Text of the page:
Primary sensory neuron isolation and transfection
The G1662S mutation was introduced into a wild-type (WT) construct (pcDNA5-SCN10A) that encodes human NaV1.8 protein (Genionics) using QuikChange II XL site-directed mutagenesis (Stratagene).
Animal experiments were approved by the Institutional Animal Care and Use Committee at the Veterans Administration Connecticut Healthcare System and conducted in accordance with the NIH Guide for the Care and Use of Laboratory Animals and recommendations of the International Association for the Study of Pain.
For voltage-clamp recording, DRG neurons were isolated from homozygous NaV1.8-Cre mice (4–8 weeks of age) lacking endogenous NaV1.8 and transfected by electroporation20 with WT or G1662S constructs (2 μg of hNaV1.8 WT or G1662S construct plus 0.2 μg of EGFP) using a Nucleofector device IIS (Lonza). Transfected neurons were seeded onto poly-D-lysine/laminin-coated coverslips (BD) and incubated at 37°C in a 95% air/5% CO2 incubator. For current-clamp recordings, DRG from 4–8-week-old Sprague–Dawley rats were isolated, transfected, seeded and incubated as described above,20 except that the incubation medium was supplemented with nerve growth factor (NGF) (50 ng/mL) and glial cell line-derived neurotrophic factor (50 ng/mL).
Voltage-clamp recordings were obtained at 22±1°C, 40 to 48 h after transfection from small DRG neurons (<25 μm) with robust green fluorescence and were used to assess activation, steady-state inactivation, recovery from inactivation, and the responses to slow ramp (0.2 mV/ms) depolarisations. Current-clamp recordings were obtained 40 to 48 h after transfection. The effect on the excitability of the DRG neurons were assessed as previously described.7 Detailed methods are available in online supplementary files.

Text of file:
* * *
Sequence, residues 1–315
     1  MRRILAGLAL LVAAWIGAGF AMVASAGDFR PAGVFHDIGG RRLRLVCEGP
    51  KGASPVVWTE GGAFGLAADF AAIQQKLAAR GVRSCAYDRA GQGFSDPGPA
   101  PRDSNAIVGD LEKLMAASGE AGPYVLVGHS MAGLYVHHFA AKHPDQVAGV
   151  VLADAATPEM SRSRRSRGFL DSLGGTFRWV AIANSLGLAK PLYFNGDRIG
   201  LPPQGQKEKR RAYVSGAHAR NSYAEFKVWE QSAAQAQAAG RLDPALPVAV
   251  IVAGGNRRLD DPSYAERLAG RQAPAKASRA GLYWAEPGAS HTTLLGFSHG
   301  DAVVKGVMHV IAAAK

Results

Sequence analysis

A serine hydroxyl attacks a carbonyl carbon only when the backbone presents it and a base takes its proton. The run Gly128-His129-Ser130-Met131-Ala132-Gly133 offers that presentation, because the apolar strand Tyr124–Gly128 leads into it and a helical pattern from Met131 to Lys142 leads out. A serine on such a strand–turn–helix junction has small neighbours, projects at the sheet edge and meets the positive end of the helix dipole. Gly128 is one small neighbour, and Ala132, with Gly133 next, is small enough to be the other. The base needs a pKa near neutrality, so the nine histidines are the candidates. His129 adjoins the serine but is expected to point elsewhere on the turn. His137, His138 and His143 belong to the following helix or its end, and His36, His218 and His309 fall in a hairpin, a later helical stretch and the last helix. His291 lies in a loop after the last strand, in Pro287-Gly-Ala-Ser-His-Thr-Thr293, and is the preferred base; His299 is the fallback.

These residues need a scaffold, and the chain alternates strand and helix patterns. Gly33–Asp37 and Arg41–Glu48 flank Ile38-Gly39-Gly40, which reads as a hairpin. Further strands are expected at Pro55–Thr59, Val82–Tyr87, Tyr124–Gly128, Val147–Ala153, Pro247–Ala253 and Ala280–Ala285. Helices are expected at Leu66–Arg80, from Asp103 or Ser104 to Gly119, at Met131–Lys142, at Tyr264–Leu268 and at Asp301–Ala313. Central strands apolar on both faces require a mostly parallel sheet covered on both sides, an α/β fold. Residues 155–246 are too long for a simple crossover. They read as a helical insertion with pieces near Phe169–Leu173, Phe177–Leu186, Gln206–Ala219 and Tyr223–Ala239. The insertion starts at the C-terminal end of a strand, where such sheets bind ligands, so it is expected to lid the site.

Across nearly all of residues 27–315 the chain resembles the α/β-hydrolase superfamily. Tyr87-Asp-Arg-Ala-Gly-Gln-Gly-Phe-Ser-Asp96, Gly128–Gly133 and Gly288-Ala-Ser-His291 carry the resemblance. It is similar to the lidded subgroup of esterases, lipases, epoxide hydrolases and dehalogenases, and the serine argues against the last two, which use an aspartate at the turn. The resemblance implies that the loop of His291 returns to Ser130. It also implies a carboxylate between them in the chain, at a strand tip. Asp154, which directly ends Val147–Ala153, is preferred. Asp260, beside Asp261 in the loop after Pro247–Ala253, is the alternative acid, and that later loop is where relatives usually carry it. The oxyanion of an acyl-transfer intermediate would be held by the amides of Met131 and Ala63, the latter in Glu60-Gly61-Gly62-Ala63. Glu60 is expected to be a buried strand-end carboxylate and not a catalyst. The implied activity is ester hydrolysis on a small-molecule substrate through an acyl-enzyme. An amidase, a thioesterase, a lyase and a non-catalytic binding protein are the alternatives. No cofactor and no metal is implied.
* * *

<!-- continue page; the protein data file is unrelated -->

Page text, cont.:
Voltage-clamp and current-clamp data were analysed using Fitmaster (HEKA) and OriginPro 8.5 (OriginLab Corporation) and presented as means±SEM. Statistical significance was examined using two-sample Student t test or two-portion z-test.
Patient No. 1
A 24-year-old woman, from a cohort of 197 consecutive patients with I-SFN, negative for SCN9A mutations, partly reported by Faber et al,7 presented with a 2-year history of nearly continuous tingling and cramp-like pain in her legs, and restless legs, which began following a day of intense physical exercise. She also experienced intermittent tingling in her arms. Cold temperature and exercise aggravated the complaints. Warm blankets gave some pain relief. The patient noted occasional hyperhidrosis and orthostatic dizziness. Short-term use of pregabalin had no effect. Family history was unremarkable.
Physical examination showed no abnormalities. Blood and chest X-ray examinations were normal. Nerve conduction studies were normal. QST revealed abnormal thresholds for warmth sensation and cold sensation in both hands. Skin biopsy showed an IENFD of 10.7/ mm, which was normal compared to age-matched and gender-matched normative values (5th centile: 8.4/mm).14 The patient was diagnosed having I-SFN, based on clinical symptoms and abnormal QST.
Patient No. 2